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Can Dogs Sunburn?

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Can Dogs Sunburn?

The answer to this question is simple: Dogs can definitely sunburn! And just like with humans, a dog sunburn is painful and can lead to skin cancer, so it’s a good idea to be aware of the danger and how to protect your pup from those harmful rays.

Are Some Dogs More Prone to Sunburn?

Yes, dogs with certain skin and coat types are more likely to sunburn.

· Dogs with pink skin are more sensitive to the sun then darker skinned dogs.

· Those with little to no hair like the Chinese Crested are definitely sunburn candidates, regardless of the colour of their skin.

· Dogs with short or thin coats and pink skin, like a white Bull Terrier

Dalmatians, Boxers, Chinese Cresteds, Staffies, Greyhounds, Weimaraners, American Hairless Terriers, Xoloitzcuintlis, Bulldogs (especially in their face wrinkles), and Whippets are some of the breeds that are more prone to sunburn than others.

This does not mean that dogs with more coat or darker skin cannot burn, they just are less likely. All dogs have little to no hair on their nose, pads, tips of ears, and around the mouth, belly, and groin areas. These areas are susceptible to sunburn, regardless of skin colour.

Also, it’s important to note that fur does not block out UVB or UVA rays, so even on long haired dogs there is a chance for skin damage with prolonged sun exposure.

Another cause for concern for some dogs is damage to the eye from overexposure to UV Radiation from the sun’s rays. Photokeratitis, sometimes called snow blindness, is rare, but is something to watch for if you have a dog with light eyes, like green or blue.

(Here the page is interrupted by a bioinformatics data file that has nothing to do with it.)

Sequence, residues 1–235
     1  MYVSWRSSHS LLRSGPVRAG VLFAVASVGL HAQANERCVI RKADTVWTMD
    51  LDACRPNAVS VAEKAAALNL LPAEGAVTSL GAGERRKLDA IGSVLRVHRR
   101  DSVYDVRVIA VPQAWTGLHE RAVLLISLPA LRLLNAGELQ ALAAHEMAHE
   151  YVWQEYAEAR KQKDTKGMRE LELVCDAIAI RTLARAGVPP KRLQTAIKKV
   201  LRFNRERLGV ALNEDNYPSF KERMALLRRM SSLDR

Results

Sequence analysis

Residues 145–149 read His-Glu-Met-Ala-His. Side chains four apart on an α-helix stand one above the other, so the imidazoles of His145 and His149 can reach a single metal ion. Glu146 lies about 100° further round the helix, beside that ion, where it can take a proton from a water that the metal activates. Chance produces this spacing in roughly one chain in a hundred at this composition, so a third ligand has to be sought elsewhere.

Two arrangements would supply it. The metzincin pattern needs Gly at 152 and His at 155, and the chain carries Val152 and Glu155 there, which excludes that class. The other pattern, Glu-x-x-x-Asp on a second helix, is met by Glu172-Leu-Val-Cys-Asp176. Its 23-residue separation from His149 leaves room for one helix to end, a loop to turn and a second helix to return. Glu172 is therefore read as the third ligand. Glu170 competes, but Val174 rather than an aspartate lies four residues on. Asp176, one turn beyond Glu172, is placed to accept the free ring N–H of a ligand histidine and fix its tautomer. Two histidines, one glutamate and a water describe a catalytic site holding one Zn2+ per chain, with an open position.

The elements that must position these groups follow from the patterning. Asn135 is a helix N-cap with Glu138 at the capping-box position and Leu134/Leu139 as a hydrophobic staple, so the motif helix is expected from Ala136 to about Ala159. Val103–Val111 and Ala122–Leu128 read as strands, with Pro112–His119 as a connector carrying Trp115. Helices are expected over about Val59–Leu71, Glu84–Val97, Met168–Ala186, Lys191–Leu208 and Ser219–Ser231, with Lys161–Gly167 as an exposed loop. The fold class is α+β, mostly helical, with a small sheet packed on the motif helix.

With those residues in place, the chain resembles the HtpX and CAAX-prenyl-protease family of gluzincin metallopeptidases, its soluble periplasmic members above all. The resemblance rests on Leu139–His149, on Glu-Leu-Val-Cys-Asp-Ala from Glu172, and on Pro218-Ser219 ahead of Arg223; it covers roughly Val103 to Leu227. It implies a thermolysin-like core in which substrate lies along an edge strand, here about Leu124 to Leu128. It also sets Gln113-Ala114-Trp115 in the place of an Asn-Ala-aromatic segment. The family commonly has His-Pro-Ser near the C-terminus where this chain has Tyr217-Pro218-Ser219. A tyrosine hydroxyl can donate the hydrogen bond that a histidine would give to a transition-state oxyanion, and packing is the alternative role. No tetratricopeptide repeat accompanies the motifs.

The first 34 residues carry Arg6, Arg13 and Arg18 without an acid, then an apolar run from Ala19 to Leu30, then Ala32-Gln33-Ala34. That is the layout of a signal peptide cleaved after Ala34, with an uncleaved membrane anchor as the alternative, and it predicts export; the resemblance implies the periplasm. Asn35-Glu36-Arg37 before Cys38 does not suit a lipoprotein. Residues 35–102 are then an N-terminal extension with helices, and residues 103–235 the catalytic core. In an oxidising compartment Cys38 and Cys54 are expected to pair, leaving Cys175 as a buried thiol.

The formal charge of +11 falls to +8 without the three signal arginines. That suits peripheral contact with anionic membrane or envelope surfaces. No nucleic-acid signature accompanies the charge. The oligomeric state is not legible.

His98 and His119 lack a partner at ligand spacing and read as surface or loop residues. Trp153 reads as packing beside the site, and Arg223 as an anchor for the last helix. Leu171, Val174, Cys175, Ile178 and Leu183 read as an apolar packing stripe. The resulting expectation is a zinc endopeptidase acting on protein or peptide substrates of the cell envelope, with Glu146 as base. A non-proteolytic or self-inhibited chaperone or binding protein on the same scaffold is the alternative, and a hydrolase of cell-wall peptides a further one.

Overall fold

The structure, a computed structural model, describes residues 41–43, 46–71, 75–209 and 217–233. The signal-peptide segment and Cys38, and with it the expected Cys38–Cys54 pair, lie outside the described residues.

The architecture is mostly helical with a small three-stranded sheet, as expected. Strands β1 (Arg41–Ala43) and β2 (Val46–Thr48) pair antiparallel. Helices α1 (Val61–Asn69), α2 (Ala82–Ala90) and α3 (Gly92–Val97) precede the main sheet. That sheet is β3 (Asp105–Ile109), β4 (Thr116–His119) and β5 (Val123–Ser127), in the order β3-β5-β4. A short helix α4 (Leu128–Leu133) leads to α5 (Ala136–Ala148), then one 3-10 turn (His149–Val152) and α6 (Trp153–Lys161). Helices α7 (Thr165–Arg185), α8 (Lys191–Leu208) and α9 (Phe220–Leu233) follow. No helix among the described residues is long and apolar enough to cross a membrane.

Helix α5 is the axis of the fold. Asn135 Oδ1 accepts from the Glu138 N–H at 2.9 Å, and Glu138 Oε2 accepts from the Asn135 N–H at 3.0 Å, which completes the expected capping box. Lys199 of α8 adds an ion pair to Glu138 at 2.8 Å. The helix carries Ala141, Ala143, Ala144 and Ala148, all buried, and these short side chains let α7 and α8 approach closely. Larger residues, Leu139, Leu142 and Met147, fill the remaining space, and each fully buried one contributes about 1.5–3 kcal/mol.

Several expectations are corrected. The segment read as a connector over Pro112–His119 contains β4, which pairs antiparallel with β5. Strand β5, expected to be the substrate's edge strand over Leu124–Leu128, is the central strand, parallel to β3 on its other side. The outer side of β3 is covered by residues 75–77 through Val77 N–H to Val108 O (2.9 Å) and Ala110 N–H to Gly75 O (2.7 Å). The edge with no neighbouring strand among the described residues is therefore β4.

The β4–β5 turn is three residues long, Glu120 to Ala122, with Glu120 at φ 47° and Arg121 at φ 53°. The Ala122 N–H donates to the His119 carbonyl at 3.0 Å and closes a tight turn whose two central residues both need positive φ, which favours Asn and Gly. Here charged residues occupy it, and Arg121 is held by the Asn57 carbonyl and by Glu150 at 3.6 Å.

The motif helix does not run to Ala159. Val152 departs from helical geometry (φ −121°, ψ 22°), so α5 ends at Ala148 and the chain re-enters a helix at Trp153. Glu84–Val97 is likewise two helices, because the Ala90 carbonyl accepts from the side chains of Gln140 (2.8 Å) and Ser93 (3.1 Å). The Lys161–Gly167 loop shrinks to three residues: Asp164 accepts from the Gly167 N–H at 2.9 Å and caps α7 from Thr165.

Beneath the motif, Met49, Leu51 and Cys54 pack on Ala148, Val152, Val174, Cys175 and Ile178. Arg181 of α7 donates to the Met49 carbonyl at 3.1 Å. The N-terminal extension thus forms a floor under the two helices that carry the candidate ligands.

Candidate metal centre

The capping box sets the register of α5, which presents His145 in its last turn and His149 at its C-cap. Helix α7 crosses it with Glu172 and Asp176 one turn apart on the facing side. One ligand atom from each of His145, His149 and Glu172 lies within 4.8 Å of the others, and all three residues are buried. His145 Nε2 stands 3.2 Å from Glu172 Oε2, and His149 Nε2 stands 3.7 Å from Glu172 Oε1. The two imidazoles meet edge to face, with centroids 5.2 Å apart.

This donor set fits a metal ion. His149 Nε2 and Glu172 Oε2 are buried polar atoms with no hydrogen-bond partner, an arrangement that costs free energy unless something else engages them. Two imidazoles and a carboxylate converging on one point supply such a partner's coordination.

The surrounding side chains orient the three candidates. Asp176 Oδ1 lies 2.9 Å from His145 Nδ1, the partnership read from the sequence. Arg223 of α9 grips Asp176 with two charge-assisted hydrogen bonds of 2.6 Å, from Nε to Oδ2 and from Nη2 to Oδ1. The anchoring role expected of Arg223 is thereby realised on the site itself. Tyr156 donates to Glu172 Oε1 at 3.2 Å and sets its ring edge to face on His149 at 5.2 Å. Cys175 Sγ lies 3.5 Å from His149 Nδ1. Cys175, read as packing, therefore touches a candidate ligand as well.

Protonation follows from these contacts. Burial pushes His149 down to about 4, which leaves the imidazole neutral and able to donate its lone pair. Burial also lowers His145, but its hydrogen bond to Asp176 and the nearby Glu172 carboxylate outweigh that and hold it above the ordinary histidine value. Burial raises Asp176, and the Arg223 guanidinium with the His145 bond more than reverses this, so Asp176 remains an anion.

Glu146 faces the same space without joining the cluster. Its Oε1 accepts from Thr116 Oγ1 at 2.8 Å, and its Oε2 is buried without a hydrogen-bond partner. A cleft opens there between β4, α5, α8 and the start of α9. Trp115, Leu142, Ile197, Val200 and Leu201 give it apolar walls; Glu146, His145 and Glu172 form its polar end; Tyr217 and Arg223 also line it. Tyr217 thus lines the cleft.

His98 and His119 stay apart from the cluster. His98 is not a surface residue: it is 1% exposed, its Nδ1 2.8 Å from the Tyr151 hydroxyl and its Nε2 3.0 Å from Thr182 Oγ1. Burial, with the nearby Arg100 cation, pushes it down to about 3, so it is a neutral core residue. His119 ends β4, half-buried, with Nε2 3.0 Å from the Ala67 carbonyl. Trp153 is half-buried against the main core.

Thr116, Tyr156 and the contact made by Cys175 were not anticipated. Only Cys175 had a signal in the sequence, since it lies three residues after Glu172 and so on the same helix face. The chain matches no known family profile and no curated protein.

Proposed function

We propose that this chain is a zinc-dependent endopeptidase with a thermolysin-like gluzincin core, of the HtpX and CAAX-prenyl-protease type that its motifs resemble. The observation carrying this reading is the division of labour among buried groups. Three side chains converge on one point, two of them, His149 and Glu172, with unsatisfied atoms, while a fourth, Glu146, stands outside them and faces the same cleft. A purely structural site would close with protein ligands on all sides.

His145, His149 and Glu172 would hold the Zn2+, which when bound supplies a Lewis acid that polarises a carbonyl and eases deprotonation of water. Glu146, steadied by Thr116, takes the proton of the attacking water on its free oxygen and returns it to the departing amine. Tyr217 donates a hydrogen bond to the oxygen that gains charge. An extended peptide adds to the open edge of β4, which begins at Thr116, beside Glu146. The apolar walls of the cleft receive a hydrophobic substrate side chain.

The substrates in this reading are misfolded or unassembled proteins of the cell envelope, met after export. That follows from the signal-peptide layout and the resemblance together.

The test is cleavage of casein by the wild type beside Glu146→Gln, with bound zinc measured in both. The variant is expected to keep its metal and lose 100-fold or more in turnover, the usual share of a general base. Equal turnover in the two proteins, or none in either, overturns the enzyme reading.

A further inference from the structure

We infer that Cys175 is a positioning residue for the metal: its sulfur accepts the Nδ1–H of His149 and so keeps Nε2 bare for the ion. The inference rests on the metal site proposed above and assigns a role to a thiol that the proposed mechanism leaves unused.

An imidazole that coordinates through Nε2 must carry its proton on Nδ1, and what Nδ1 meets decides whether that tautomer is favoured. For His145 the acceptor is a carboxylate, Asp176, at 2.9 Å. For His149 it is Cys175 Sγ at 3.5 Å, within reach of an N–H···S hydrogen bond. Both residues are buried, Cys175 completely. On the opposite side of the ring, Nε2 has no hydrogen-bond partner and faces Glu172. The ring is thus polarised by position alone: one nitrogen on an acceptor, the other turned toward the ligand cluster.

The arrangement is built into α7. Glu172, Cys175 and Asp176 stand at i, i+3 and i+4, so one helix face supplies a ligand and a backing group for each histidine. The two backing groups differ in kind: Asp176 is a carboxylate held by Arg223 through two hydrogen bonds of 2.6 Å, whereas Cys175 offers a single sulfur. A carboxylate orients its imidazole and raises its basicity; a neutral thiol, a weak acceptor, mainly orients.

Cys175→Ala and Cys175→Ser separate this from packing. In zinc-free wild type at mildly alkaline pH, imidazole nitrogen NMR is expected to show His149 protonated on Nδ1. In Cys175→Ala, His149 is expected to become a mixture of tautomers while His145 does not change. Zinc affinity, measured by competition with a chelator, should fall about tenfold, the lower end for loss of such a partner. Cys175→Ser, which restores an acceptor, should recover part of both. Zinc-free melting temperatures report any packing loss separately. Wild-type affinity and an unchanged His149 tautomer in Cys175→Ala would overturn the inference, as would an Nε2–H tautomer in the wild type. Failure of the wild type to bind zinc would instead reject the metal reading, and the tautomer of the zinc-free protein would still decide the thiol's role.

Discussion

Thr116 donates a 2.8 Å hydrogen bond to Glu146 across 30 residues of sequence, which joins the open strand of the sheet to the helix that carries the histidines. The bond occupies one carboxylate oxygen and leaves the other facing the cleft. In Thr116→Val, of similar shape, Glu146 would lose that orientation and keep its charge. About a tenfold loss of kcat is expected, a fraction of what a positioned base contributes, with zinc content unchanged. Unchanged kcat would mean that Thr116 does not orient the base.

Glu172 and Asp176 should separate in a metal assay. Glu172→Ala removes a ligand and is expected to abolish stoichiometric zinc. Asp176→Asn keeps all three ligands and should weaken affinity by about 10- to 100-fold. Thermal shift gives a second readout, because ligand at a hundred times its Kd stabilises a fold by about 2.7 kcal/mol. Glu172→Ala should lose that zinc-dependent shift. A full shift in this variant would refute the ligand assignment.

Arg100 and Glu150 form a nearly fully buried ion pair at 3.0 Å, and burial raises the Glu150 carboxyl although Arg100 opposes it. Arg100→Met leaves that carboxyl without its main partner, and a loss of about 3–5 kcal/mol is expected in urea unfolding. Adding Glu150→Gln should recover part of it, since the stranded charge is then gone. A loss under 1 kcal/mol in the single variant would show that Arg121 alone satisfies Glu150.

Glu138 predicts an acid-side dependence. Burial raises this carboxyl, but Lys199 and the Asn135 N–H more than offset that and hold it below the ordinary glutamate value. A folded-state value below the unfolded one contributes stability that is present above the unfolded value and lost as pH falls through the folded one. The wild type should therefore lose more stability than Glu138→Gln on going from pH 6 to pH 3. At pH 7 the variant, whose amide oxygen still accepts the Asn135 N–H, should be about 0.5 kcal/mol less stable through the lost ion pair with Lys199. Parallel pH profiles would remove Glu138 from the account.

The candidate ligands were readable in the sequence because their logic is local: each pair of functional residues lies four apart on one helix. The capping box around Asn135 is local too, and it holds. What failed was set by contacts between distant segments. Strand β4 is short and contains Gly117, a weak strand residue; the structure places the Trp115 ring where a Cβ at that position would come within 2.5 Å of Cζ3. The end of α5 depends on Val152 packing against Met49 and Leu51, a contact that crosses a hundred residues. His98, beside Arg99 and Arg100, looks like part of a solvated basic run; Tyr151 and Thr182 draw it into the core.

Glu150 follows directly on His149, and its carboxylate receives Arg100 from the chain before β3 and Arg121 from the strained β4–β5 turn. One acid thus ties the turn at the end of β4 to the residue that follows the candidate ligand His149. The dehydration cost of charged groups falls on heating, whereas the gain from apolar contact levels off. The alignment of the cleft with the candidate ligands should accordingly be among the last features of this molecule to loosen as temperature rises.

And remember the sun reflecting off water, the pavement, sand, or even snow, can be just as damaging as the rays directly coming down.

Signs of Sunburn on a Dog

It’s probably obvious that dogs do not burn as easily as we do. Just an hour outside can leave fair-haired people bright pink and painful. However, sunburn in dogs looks a lot like sunburn on a person. Look for:

· Red skin.

· Skin that feels warm/radiates heat.

· Skin that is tender to touch (your dog may move away when you try to touch and/or may whimper when they groom themselves.).

· Depending on the severity of the burn, the skin may also crack, blister, and even bleed.

· Curling at the edges of the ears.

· Long exposure can cause bumps or boils to develop.

· Hair loss.

Over time, dogs can develop skin ulcers, infections and cancer from the effects of the sun. If your dog has been outside long enough to be burned, they may also be dehydrated and suffering from heatstroke

Sunburn or Allergies?

As you may have noticed, a lot of the sunburn symptoms are similar to those your dog may have from an allergen. If the reaction is mild, you may just want to keep them out of the sun and see if it goes away on its own. Think if you fed or exposed your dog to anything else that might have set off an allergy attack. If you are unsure, see your vet who can tell you if it’s allergies or sunburn, and prescribe treatment as needed.

Treatment of Sunburn

Because dogs do not burn as easily as humans, if your dog is burned, often there is more damage under the surface than you can see, so it’s recommended you go to a vet for treatment if you suspect sunburn. Your vet can tell you the best way to treat it – from just avoiding the sun, to cool compresses, ointments and vet-prescribed cortisone products, depending on the severity of the burn. Aloe Vera, coconut oil, vitamin E and even a soak in an oatmeal bath can help. With dogs, a secondary infection can occur and then antibiotics will be needed.

Knowing the signs to look for and being aware that your dog could sunburn is an important part of keeping your dog health and happy! Enjoy the sun, just remember to limit exposure and take time for water breaks!

 

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